Arsenal players react to a late second and decisive goal against Olympiacos in the Europa League. … [+]
Arsenal fans took to social media on Saturday to glory in Watford’s 3-0 win over Liverpool. The result ensured that Arsenal’s undefeated season of 2003/04 would not be equaled and it also stopped Liverpool’s unbeaten run at 44 top-flight games – 5 short of Arsenal’s record.
However, it was a bit like celebrating finding a cherry on a turd.
Arsenal had a horrendous week. Knocked out of the Europa League by Olympiakos on Thursday, and late on Friday the financial results for Arsenal Holdings Limited were posted.
You might remember that at the start of December Arsenal posted results showing an after tax loss of £19m. Much was made in the papers and on blogs that Arsenal’s match day receipts had dropped by an incredible £30m – from £99m to £69m.
But as was explained in this article, it was too early to jump to conclusions. The document made public in December was for Arsenal Football Club rather than Arsenal Holdings and the financial performance of the latter is regarded as a better gauge of the entities performance.
What’s more, the notes to the Arsenal Football Club report specified that the drop of match day receipts was just a timing issue between subsidiaries, rather than a real reduction in revenue.
But as it turned out the performance of Arsenal Holdings wasn’t any better; in fact it was worse. Although the £30m in match day revenue found a way home, costs were even higher and Arsenal Holdings posted an after tax loss of £27m.
A year ago Arsenal Holdings posted an after tax profit of £56.5m – a stunning £84m reversal.
It’s Arsenal’s first loss since 2002, so, what happened?
Arsenal’s decline can be captured in a just a few metrics.
Add up the change column and you arrive at £83.8m – within a whisker of the actual £83.6m reversal.
- Turnover increased slightly but still lagged behind the record £423m from 2016/17. Commercial, Broadcasting and Player Loans all increased slightly while Match Day receipts dropped by £2.7m.
- Development of the old Highbury site and the surrounding area has generated more than £50m in profits (2017/18 £5.5m) over the last decade but it looks like the halcyon days are over. Revenue and costs were little more than pocket change.
- Profit from the sale of players, together with property development has turned red ink into black 7 times in the previous ten years. But a drop of £108m was a significant contributor to Arsenal’s year-on-year slide.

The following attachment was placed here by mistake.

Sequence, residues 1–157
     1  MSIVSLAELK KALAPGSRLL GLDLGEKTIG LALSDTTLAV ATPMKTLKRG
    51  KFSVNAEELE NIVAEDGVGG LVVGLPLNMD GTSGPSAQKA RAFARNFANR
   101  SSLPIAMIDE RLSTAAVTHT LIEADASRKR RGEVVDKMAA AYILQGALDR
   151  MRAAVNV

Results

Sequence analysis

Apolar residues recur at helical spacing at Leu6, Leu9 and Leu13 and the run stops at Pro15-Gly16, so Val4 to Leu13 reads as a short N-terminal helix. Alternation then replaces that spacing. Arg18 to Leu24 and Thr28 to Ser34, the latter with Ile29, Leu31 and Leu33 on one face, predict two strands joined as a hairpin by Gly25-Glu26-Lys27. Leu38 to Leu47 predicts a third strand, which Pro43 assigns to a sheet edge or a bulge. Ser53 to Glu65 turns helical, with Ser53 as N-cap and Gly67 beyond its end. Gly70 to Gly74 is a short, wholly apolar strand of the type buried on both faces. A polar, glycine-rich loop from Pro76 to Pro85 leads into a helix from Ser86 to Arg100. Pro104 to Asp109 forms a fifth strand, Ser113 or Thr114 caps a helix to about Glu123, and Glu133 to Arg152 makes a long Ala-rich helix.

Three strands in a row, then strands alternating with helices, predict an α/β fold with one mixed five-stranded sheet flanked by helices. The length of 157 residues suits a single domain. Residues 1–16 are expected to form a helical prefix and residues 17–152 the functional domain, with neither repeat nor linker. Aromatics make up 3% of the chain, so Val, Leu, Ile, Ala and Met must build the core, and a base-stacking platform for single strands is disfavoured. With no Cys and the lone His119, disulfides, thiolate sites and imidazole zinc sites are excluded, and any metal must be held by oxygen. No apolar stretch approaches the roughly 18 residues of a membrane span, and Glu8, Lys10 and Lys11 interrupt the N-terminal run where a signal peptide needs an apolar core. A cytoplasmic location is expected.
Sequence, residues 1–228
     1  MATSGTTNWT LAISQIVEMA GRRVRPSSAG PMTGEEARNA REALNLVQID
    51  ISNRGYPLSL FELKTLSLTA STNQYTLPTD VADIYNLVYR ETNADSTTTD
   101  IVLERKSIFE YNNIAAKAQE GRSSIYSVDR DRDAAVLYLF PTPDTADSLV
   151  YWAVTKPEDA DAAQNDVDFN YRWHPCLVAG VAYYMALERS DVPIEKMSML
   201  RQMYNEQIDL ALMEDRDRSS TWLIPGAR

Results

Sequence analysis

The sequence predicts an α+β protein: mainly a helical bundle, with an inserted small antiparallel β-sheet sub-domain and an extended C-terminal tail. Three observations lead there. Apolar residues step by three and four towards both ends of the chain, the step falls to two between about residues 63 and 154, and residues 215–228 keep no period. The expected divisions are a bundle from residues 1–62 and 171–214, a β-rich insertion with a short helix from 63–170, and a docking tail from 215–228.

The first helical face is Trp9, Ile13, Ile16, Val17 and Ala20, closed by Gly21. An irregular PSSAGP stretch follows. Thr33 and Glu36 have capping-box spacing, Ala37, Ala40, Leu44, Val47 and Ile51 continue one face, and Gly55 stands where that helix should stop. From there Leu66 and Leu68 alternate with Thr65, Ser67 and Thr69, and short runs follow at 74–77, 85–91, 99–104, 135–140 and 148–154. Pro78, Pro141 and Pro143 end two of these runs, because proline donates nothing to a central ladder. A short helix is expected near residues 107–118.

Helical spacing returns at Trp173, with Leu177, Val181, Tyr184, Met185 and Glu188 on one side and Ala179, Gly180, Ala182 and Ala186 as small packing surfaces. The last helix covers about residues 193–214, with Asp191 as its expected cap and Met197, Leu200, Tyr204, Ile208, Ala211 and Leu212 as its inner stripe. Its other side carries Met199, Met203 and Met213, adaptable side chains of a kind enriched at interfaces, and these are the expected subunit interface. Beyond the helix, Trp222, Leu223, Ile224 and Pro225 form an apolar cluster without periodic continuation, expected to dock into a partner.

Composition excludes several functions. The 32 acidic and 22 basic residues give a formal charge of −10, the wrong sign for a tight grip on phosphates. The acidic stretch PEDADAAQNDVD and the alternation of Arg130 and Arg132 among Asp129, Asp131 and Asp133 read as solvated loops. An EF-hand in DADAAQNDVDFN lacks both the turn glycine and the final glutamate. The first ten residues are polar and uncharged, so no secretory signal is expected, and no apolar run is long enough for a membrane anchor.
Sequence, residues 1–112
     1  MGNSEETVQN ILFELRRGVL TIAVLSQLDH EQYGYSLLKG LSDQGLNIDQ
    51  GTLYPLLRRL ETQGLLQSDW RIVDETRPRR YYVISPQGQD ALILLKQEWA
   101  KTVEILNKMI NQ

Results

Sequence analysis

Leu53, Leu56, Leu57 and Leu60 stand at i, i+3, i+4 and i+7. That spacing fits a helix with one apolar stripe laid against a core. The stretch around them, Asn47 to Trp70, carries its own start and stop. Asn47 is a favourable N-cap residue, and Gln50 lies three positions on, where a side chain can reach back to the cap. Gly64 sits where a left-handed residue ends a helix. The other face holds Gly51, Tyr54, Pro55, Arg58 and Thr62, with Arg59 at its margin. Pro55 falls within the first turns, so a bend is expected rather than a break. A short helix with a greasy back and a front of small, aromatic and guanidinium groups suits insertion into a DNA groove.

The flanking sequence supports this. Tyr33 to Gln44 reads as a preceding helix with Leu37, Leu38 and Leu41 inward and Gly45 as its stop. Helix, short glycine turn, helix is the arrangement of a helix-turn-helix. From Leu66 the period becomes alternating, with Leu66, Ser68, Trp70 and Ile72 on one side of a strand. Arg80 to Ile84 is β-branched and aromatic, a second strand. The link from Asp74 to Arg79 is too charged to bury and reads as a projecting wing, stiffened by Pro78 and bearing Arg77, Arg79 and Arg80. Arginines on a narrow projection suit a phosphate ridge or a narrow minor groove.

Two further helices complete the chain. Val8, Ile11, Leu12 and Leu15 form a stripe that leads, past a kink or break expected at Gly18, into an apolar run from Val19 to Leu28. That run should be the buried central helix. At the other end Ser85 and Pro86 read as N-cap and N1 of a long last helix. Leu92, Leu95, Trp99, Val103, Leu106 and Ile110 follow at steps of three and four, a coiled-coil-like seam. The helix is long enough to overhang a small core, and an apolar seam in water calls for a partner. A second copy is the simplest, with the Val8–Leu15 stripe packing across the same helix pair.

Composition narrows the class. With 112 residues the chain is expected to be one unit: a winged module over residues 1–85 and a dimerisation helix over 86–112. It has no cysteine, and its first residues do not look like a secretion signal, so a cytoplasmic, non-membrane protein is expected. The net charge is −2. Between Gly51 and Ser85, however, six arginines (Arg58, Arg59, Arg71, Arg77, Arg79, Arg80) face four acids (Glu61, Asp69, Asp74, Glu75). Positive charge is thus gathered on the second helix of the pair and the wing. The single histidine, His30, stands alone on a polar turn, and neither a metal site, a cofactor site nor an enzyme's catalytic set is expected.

- Wages went down…..or did they? Included in the 2017/18 wage costs were exceptional costs of £16.8m; in 2018/19 the number was £3.2m. If you exclude the exceptional costs then wages actually increased from £223.8m to £231.7m. The wage ratio (excluding exceptional costs) went from 57.7% to 58.8%.
- Amortization increased by £3.9m although Arsenal’s summer 2019 spend will push the number beyond £90m in 2019/20.
- Impairment charges are taken – or reversed – when a player or another asset’s value changes from book value. I will leave it at that!
- Depreciation – as exciting a topic as you might expect.
- Other expenses from 2017/18 included property costs of £9.4m. The remaining expenses dropped by £1.2m
- Finance charges is another category impacted by an “exceptional” cost in 2017/18. Otherwise costs year-to-year would have been pretty much the same.
- One silver lining is that a loss can often trigger a tax refund and that’s the case here. Arsenal paid £13.7m on a profit of £70.2m in 2018; for 2019 Her Majesty’s Tax Collector has sent Arsenal £5.1m – a turnaround of nearly £19m.
Arsenal’s profitability since 2002 has been build on three pillars:
- Qualifying for the Champions League
- Profit from Property Development
- Profit from the sale of players
However, the pillars have been shaken and are no longer stable.
The Champions League has given way to the Europa League with a resulting drop in revenue. Property Development turned into a very tidy sideline for a decade or so, but it has run its course.
Last but not least, Arsenal, after a house cleaning in 2017/18 has been trying to strengthen the squad rather than selling players.
However, it is clear that Arsenal cannot outrun the cold financial reality. Arsenal need a new business and financial model and quickly.
It looks ominous for Arsenal.
Missing out on Champions League money over the last two years – and this season – has cost Arsenal in excess of £130m. Now, there is the distinct possibility that Arsenal will miss out on the Europa League in 2020/21.
The loss to Olympiakos in the round of 32 means that Arsenal will see a reduction of at least £8m in UEFA prize money from last season. Missing out completely in 20/21 will see an additional reduction of over £25m.
Add to that the strong possibility of less money from the Premier League as they slip down the table, and the words “financial crisis” isn’t hyperbole.
Selling players is the only viable short to medium term option if the team is looking to mitigate at least some of the red ink, let alone balance the books.